Place, publisher, year, edition, pages
John Wiley and Sons Inc, 2023
Keywords
Cobalt alloys; Corrosion resistance; Entropy; Functional materials; High-entropy alloys; Iron alloys; Passivation; Refractory metals; Tantalum alloys; Ternary alloys; Complex materials; Corrosion-resistant; High entropy alloys; Materials design; Passivation process; Percolation models; Percolation theory; Surface oxide; Theoretical framework; Threshold-value; Solvents
National Category
Materials Chemistry
Identifiers
urn:nbn:se:ri:diva-67359 (URN)10.1002/adfm.202307897 (DOI)2-s2.0-85170376146 (Scopus ID)
Note

The authors acknowledged Myfab Uppsala for providing facilities and experimental support. Myfab is funded by the Swedish Research Council (2019‐00207) as a national research infrastructure. This study was performed in the framework of the competence center FunMat‐II which is financially supported by Vinnova (Grant No. 2016‐05156). L.M. and P.L. acknowledged the funding from Swedish Foundation for Strategic Research (Project No. ARC19‐0026) and the Smart Industry Sweden project funded by the Swedish Knowledge Foundation.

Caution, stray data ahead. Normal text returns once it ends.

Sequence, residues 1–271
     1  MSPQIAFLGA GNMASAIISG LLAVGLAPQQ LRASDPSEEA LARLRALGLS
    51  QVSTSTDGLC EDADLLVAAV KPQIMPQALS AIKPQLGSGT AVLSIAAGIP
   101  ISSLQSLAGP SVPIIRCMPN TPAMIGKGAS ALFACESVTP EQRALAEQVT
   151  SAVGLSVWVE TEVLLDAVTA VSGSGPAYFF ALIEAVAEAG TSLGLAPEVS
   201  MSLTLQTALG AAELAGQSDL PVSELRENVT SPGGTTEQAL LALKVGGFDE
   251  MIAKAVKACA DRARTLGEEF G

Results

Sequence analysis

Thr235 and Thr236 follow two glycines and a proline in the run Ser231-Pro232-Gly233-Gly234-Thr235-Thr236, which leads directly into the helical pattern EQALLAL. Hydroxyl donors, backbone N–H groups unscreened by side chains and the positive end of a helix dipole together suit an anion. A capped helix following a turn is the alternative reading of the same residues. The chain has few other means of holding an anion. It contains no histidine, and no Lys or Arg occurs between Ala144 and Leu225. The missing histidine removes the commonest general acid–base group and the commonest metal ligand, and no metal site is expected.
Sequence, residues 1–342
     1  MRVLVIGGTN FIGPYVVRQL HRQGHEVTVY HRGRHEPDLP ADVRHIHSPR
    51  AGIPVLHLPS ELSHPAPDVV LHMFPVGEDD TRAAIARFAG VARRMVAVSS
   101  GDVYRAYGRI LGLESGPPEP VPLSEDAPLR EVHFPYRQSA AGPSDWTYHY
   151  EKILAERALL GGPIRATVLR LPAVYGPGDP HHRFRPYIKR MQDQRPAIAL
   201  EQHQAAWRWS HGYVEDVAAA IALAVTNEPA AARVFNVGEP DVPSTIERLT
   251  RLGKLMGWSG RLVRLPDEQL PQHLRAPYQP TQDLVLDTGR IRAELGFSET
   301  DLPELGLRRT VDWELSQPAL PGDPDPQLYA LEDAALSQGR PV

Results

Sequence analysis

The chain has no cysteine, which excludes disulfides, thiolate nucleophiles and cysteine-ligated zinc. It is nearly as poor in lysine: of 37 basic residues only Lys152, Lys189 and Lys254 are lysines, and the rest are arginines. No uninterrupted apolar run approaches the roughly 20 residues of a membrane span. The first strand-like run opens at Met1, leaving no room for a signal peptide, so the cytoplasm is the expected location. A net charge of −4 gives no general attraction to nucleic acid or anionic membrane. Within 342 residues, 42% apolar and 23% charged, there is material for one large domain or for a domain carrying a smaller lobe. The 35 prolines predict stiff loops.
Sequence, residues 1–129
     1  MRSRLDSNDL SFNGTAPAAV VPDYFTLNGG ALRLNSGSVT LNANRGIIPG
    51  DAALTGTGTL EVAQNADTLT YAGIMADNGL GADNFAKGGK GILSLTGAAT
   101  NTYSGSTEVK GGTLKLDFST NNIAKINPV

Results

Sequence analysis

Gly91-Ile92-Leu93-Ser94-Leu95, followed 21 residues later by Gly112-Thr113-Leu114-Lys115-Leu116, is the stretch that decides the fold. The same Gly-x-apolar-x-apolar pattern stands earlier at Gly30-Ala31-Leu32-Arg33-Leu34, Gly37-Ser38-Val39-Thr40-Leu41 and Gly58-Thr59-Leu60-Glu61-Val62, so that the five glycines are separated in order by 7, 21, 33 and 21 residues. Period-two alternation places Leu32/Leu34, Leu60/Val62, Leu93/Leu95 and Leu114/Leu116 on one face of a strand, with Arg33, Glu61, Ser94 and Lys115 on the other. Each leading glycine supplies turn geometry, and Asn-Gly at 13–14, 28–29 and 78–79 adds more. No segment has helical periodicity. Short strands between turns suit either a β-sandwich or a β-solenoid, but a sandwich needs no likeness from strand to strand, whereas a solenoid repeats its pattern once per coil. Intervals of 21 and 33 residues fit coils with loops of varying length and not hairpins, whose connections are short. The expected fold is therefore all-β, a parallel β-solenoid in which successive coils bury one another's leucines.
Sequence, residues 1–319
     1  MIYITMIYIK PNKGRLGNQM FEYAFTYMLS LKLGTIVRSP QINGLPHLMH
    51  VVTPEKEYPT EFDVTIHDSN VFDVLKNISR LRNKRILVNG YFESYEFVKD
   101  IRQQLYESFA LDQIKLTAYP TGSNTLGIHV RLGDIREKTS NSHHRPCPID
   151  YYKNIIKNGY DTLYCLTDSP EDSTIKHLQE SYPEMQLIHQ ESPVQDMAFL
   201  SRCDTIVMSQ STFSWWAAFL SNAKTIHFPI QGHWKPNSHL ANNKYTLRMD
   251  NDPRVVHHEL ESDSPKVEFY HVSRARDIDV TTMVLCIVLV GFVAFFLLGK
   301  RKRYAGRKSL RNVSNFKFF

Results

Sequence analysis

Available from: 2023-09-22 Created: 2023-09-22 Last updated: 2023-09-22Bibliographically approved
Eiler, K., Mölmen, L., Fast, L., Leisner, P., Sort, J. & Pellicer, E. (2022). Oxygen reduction reaction and proton exchange membrane fuel cell performance of pulse electrodeposited Pt–Ni and Pt–Ni–Mo(O) nanoparticles. Materials Today Energy, 27, Article ID 101023.
Open this publication in new window or tab >>Oxygen reduction reaction and proton exchange membrane fuel cell performance of pulse electrodeposited Pt–Ni and Pt–Ni–Mo(O) nanoparticles